One more hour and I'll be home
Rest my body, and rest my bones
Can't be more than a mile or so, to
. . . . . . . . . . .
I walked half way from Louisville
There she lies, at the foot of the hill
Shinin' like a jewel in the valley below . . .
Back in the 1960s, when Bill Anderson wrote those lyrics ("Cincinnati, Ohio", recorded by Connie Smith), his homesick traveller might've been walking along US Highway 42, at that time the main Louisville – Cincinnati highway. Today, that traveller would be walking Interstate 71 and probably be wiped out by a fast-moving vehicle.
US 42 didn't always run down to Louisville. As originally planned by the Joint Board on Interstate Highways in 1926, US 42 began in Cleveland and continued on a diagonal track to Cincinnati. It wasn't until 1932 that the route was extended southward to Louisville.
There, at a confusing intersection with US Highway 60 and US Highway 31E, US 42 begins its leisurely trek up through northern Kentucky. Staying close to the Ohio River, US 42's first interesting port of call comes at Bedford, Kentucky, where it meets US Highway 421. During most of the 19th Century, the city was home to the popular Bedford Springs spa.
US 42 turns a bit more inland for another twenty miles or so, but returns to the Ohio River at Carrollton, Kentucky, where the river meets the Kentucky River. Near Carrollton, the traveller might choose to relax at the General Butler State Resort Park and visit the Butler-Turpin house, built for the General's family in 1859.
Continuing northwesterly, US 42 enters the river port of Warsaw. Originally a port known first as Great Landing and later as Fredricksburg, it was renamed for the Polish city when the town fathers discovered there was already a Fredricksburg in the state. Warsaw is the seat of Gallatin County and home of the popular River Days celebration.
A few miles from Warsaw, US 42 meets up with US Highway 127, a regional route that's gained national status due to its having replaced US Highway 27 in Michigan. The two routes share pavement through Florence, Kentucky, where they join US Highway 25. This stretch of road is part of the old Dixie Highway system and runs on into Covington. The highway crosses the river into Ohio and the city of Cincinnati, where US 25 ends, US 127 goes its own way, and US 42 returns to its own pavement.
Cincinnati, known as the Queen City, is a marvelous destination for any traveller. Its restored Union Station, quaint shops and coffeehouses in Over-The-Rhine (so named by the many German immigrants to the city), and thriving riverfront are among the things that have made it great. Cincinnati is also home to many well-known sports stadiums, including the Paul Brown Stadium and the Great American Ball Park, home to the Cincinnati Reds.
Returning to the road, US 42 heads out of the city, still running northwesterly, and staying close to Interstate 71. The highway soon arrives at Xenia, conveniently located in the “transportation triangle” between Interstates 70, 71, and 75. Situated thus, the city has emerged as a regional business center and transportation hub. Xenia is unfortunately also known for its many tornadoes, the most devastating of which occurred on April 3, 1974 and killed 34 people. Novelist and educator Helen Hooven Santmyer, who wrote ... And Ladies of the Club in 1984 at the age of 88, lived in Xenia for most of her life.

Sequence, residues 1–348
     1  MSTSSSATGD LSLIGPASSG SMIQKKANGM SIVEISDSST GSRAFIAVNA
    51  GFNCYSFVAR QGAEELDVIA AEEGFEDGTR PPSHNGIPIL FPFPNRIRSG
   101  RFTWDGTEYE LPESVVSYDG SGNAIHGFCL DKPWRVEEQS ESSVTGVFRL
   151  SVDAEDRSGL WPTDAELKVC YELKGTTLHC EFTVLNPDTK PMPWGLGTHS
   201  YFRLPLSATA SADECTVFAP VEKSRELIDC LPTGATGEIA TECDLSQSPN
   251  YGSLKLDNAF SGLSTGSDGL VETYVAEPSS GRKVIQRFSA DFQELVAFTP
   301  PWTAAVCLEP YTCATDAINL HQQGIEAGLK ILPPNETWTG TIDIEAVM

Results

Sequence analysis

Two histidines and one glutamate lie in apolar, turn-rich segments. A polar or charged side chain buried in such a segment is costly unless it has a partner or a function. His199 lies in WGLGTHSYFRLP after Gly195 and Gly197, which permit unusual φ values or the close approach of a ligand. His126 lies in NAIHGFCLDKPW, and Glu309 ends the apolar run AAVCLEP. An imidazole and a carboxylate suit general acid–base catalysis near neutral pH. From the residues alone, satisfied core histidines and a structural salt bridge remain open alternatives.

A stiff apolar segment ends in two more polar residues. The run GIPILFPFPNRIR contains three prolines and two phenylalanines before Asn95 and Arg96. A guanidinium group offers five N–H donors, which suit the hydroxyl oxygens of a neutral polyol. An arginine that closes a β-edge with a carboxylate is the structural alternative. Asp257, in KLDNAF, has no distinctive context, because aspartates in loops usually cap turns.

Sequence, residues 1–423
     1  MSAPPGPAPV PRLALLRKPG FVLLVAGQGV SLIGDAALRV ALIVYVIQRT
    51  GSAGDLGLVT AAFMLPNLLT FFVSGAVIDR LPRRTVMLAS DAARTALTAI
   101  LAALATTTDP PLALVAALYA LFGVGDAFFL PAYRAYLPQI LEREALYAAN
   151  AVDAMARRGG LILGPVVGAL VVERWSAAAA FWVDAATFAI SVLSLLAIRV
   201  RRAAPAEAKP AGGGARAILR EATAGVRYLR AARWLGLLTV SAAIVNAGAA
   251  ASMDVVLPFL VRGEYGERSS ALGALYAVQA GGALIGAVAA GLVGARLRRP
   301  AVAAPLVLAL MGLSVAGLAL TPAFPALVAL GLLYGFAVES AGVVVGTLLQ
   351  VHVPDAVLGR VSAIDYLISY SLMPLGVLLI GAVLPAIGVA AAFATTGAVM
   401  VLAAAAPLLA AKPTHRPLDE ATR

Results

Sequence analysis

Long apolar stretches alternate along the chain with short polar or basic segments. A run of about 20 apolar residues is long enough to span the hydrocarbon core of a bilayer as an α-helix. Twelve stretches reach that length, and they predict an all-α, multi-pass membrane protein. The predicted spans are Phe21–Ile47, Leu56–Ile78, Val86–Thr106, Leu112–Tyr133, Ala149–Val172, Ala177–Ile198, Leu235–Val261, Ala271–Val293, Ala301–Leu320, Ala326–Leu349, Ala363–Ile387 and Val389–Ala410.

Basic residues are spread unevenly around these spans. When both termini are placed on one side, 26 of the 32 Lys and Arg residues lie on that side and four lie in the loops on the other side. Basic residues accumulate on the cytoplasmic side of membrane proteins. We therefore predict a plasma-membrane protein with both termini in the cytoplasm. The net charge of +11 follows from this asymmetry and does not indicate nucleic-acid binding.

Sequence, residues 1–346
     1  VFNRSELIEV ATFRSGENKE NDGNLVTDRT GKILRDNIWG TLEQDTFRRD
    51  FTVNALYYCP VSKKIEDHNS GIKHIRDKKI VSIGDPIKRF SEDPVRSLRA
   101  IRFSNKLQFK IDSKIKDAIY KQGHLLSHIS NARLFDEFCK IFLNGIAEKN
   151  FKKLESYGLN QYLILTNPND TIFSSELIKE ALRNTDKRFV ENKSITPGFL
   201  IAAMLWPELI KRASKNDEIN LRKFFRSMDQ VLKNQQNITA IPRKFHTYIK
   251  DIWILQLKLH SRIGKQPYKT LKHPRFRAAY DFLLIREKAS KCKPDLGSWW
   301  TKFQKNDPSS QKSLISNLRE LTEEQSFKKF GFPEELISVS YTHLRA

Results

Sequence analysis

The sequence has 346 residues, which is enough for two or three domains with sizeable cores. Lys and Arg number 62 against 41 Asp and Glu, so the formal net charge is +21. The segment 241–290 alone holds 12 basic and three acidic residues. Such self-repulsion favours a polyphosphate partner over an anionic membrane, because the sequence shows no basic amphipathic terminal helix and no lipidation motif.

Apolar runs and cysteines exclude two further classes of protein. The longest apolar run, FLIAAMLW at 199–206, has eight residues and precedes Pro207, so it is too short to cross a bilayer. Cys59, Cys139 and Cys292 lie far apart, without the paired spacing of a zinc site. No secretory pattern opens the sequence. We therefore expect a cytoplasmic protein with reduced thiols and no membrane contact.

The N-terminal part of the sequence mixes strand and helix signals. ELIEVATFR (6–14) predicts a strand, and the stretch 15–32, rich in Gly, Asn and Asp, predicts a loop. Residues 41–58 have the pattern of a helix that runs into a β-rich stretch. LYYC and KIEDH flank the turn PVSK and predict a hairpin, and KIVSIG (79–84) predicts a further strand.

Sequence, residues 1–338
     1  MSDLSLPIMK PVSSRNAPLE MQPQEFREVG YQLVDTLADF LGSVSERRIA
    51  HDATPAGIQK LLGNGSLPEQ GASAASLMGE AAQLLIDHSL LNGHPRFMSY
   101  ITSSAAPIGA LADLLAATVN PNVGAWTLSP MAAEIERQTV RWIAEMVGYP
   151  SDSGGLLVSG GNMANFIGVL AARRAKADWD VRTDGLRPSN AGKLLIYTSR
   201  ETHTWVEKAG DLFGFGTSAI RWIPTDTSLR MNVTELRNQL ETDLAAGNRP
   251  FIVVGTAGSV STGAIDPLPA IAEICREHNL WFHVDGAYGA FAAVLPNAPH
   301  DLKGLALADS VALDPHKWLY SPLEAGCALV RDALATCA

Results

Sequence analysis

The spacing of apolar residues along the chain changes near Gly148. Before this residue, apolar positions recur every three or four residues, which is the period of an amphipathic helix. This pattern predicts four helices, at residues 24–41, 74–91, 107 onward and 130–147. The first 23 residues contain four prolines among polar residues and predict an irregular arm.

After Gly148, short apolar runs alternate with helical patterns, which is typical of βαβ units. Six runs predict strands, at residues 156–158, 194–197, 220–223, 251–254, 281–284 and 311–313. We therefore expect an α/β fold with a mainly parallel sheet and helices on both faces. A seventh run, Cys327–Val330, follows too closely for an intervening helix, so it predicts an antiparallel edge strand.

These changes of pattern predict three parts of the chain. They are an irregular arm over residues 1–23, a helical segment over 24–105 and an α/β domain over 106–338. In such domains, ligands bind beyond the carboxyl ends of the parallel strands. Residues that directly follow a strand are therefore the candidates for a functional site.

At Delaware, US 42 encounters yet another important north-south highway, US Highway 23. Here the traveller will find Ohio Wesleyan University, and its famous observatory, the Perkins Observatory, built by Professor Hirum Perkins for the university. It houses a 32-foot reflector and the observatory is said to be haunted by the ghost of old Professor Perkins himself! The Columbus Zoo is nearby as well, for those wishing something a bit more down-to-earth.
The next area of interest along US 42 is the city of Mansfield, where they promise “America at its Best!”. Be that as it may, Mansfield does have a number of reasons to stop by, among them the Jones Potato Chip Factory, where visitors may sample warm “marcelled” potato chips; the Lincoln Highway National Museum, a center devoted to this famous highway; and the Mansfield Playhouse, in continuous operation since 1929.
As it leaves Mansfield, US 42 continues on through northern Ohio, still remaining close to I-71. At Medina, Ohio, it turns due north and reaches the greater Cleveland metropolitan area. Cleveland, on the shore of Lake Erie, bills itself as “The New American City”. It is the home of Case Western Reserve University and the Rock and Roll Hall of Fame. Cleveland is Ohio's second-largest city and has served as the location for many popular films, including A Christmas Story and Spider-Man 3.
US 42 enters the city first as Pearl Road and becomes West 25th Street when it reaches downtown Cleveland. There, it comes to its northern terminus at a junction with US Highway 6. At that point, US 42 has racked up 355 miles total length. Though Interstate 71 has siphoned off a great deal of its traffic, US 42 remains a useful regional highway, connecting two of Ohio's most important cities with Louisville.
Droz, Robert V., "Sequential List of US Highways", US Highways From US 1 to US 830
. April 2006. <http://www.us-highways.com/us1430.htm> (August 2006)
Sanderson, Dale, “US Highway Ends”, End of U.S. highway 42
. May 2005. <http://www.geocities.com/usend4049/End042/end042.htm> (August 2006)
entries on some cities named.